Friday, September 14, 2012

Stewart a fan favorite with Ice Dogs

Alex Stewart is a veteran Michigan Ice Dogs’ player who is beginning his third season with the team.

An abrasive player who makes a big impact on the ice, Stewart is a hard worker who isn’t afraid to get into the middle of things. Although he often appears to be smiling and joking on the ice, he’s not making any friends out there. Yet Stewart is well-liked by Ice Dog fans who appreciate his hard work and strong effort.

You’ll see him skating with the puck or working the puck out of the corner and his efforts do not go unnoticed.

“He’s a gritty, hard-working, two-way player,” said Michigan coach Tony Graham. “He brings a lot to the team.”

Stewart is not new to successful teams. As a member of the 2008 Rochester Rattlers Bantam AA team, Stewart went all the way to nationals with his team.

“It was a perfect season and to top it off, we won the tournament,” Stewart said. “Hockey has given so much to me throughout the years, on and off the ice, but mostly it has given me a drive and determination like no other. I know that if want something bad enough, I will put in the hard work and I can get what I want.”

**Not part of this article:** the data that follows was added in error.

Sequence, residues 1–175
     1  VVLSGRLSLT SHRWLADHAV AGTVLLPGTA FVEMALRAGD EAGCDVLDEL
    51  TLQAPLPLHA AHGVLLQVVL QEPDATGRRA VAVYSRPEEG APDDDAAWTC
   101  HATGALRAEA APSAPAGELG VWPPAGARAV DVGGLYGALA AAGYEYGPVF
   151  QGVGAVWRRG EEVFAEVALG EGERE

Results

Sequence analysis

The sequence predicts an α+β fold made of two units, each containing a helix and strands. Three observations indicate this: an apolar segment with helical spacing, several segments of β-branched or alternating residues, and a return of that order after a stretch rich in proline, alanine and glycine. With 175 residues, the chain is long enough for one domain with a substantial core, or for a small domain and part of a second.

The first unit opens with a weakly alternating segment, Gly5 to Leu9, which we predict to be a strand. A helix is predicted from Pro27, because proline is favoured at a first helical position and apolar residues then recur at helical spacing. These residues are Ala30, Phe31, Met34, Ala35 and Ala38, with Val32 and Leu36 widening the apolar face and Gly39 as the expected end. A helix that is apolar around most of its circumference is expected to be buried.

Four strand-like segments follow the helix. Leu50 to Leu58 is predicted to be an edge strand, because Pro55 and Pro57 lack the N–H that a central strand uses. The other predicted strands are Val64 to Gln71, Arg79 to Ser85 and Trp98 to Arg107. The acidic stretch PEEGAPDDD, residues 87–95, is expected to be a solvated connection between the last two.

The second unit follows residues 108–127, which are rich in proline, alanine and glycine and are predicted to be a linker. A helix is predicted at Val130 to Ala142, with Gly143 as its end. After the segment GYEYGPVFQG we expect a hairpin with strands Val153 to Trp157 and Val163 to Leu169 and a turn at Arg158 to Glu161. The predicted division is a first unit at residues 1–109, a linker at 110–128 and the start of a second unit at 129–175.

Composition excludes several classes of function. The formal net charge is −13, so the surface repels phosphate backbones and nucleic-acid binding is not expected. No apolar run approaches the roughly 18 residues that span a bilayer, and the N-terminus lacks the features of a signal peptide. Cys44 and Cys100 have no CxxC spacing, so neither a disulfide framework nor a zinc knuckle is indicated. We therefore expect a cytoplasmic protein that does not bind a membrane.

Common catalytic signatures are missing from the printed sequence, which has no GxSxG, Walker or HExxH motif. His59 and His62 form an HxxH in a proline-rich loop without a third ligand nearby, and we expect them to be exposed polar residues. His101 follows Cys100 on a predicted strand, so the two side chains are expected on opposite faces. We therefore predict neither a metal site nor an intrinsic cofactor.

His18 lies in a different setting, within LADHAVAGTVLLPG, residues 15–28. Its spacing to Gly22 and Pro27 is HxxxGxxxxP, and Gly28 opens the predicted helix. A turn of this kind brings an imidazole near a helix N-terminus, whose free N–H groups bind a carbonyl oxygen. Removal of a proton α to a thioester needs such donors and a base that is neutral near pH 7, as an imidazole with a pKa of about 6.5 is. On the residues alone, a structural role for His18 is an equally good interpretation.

Favorite Ice Dog memory: “My favorite Ice Dog highlight would have to be from my first season on the team. We were in playoffs and after winning the first two games in OT fashion, we had clinched a place in the playoff finals. We had one more round-robin game to play. It was a completely meaningless game so I was joking around with the coach, telling him I was going to get into a fight. They had a lot of really big players on their team and I had no intention of really fighting. I went out on a 5-on-4 penalty kill. After about 30 seconds on the PK, our goalie made a great save and one of their players ran our goalie. One of our players retaliated and before we knew what was happening, it became a line brawl. Fights broke out all over the ice. This fight was so out of control. The next thing I knew, I was toe-to-toe with some guy who’d already ripped off his gear to fight me. He had no shoulder pads, helmet or anything. Eventually things calmed down and the fights broke up. This was one of my favorite memories, especially seeing the look on my coaches’ faces as I was tossed from the game.”

Stewart’s advice for young players: “Play every game like it’s your last. It goes by way too fast and you don’t want any regrets.”

In the future, Stewart plans to continue to attend college to obtain his administrative business degree and open his own business shortly afterwards.

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